Kale’s life starts from a tiny seed planted in cooler months. Plants grow, weathering the winter. Come spring, they bloom and seed pods form. Watch these pods closely. Once they’re brown, it’s seed harvesting time.

How do I overwinter kale plants?

To overwinter kale, plan ahead. Plant in the fall. Then, shield them from harsh cold using mulch or covers. With this care, they’ll greet spring ready to bloom.

Why is the flowering stage important for kale plants?

Flowering is a big deal for kale because it leads to seeds. The plants might look a little wild, but this phase is key. It’s when you get seeds for next year’s crop.

How do seeds mature on a kale plant?

After flowering, kale plants grow seed pods. This is where seeds mature. These pods need regular checks. When they’re brown and start to dry, it’s time. But collect them before they open up and scatter the seeds.

How do I harvest kale seeds step-by-step?

Here’s how to get kale seeds: 1) Cut down the dry plant. 2) Shake out the seeds into something big, like a container. 3) Get rid of the bits that aren’t seeds. 4) Keep the good seeds in the right conditions until they’re needed again.

How do I properly clean and store harvested kale seeds?

First, separate the seeds from plant debris. Make sure they’re totally dry before storing. Keep them in a cool, dry spot. Use tight containers to keep out moisture and bugs.

Can I eat the flowers of a flowering kale plant?

Of course! Kale flowers are tasty. They add a subtle, peppery kick and look pretty in dishes. Try sprinkling them over your salads for a splash of color and flavor.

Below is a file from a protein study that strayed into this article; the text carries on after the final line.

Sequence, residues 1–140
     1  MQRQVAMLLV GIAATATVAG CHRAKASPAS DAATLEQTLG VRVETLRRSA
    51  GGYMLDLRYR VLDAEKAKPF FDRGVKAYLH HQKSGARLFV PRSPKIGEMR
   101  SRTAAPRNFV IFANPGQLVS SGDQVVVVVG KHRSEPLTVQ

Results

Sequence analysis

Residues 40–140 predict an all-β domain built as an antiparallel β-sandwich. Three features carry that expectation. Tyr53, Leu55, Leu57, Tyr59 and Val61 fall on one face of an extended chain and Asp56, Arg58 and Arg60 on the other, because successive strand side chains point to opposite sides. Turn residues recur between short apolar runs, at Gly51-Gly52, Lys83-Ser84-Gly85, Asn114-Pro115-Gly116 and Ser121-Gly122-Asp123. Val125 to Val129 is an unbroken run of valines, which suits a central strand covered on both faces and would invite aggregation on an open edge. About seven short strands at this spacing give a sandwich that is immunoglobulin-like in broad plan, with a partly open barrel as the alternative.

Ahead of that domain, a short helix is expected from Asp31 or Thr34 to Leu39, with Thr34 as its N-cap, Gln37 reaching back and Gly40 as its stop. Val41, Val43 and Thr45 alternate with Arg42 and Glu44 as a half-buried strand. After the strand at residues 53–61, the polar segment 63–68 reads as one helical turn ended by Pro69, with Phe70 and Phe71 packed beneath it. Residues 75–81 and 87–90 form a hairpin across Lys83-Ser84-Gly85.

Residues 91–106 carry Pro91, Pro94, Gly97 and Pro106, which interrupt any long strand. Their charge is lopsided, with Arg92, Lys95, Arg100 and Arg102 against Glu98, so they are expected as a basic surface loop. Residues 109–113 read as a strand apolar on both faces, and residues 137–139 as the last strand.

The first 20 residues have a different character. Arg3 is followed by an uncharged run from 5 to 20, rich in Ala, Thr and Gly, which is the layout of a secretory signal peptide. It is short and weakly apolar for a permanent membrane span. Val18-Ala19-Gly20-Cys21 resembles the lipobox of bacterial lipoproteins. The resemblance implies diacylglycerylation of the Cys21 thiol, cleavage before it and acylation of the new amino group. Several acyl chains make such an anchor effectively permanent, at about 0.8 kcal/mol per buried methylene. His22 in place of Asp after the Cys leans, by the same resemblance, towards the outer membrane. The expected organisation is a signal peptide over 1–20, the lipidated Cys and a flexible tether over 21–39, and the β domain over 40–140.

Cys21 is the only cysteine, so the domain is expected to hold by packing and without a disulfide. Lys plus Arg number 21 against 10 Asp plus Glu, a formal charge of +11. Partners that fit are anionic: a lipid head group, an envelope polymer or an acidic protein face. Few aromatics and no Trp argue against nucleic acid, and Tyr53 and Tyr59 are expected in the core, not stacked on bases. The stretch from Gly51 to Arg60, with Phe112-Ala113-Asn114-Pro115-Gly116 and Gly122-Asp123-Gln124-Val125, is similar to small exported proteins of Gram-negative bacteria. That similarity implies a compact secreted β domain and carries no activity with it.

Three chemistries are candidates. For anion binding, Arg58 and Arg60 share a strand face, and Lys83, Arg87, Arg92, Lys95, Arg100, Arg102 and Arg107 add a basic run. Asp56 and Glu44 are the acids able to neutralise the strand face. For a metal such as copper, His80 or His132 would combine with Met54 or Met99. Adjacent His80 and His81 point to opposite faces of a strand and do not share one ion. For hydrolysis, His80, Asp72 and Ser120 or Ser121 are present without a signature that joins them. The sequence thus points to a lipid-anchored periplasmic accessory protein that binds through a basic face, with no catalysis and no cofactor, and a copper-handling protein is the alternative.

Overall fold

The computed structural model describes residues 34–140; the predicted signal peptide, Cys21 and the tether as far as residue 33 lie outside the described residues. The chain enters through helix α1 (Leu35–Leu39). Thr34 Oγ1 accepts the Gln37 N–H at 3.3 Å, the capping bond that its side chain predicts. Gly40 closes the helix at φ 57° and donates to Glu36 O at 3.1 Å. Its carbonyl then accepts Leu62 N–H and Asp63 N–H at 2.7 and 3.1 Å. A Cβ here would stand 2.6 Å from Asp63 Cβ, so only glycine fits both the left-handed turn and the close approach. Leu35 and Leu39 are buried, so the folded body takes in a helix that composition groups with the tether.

What are the culinary uses for young kale seedlings?

Young kale seedlings are great for more than just planting. They’re full of good stuff and have a crisp taste. Add them to salads, as decoration, or to boost flavor in meals.

What are the best practices for collecting kale seeds?

Want great seeds? Here’s what to do: 1) Start with strong, healthy plants. 2) Pick the right time to harvest, when pods are dry but not open. 3) Dry seeds thoroughly and store them cool to keep them ready for planting.

What is the best time to harvest kale seeds?

Pick your kale seeds when half the pods have dried up. This usually happens after they flower in spring. Get them before they’re too dry to avoid losing any on the ground.

How does letting kale go to seed affect garden space management?

Letting kale seed takes space. Mature plants get big and need room. This space could grow other foods instead. Planning and patience are key for successful seed harvesting.

What are the pros and cons of letting kale go to seed?

Pros: You get better at gardening, become self-sufficient in seeds, and can pick strains that suit your area. Cons: Takes up a lot of space, looks messy, and needs time.

Source Links


Table of Contents

Latest posts


Discover More Information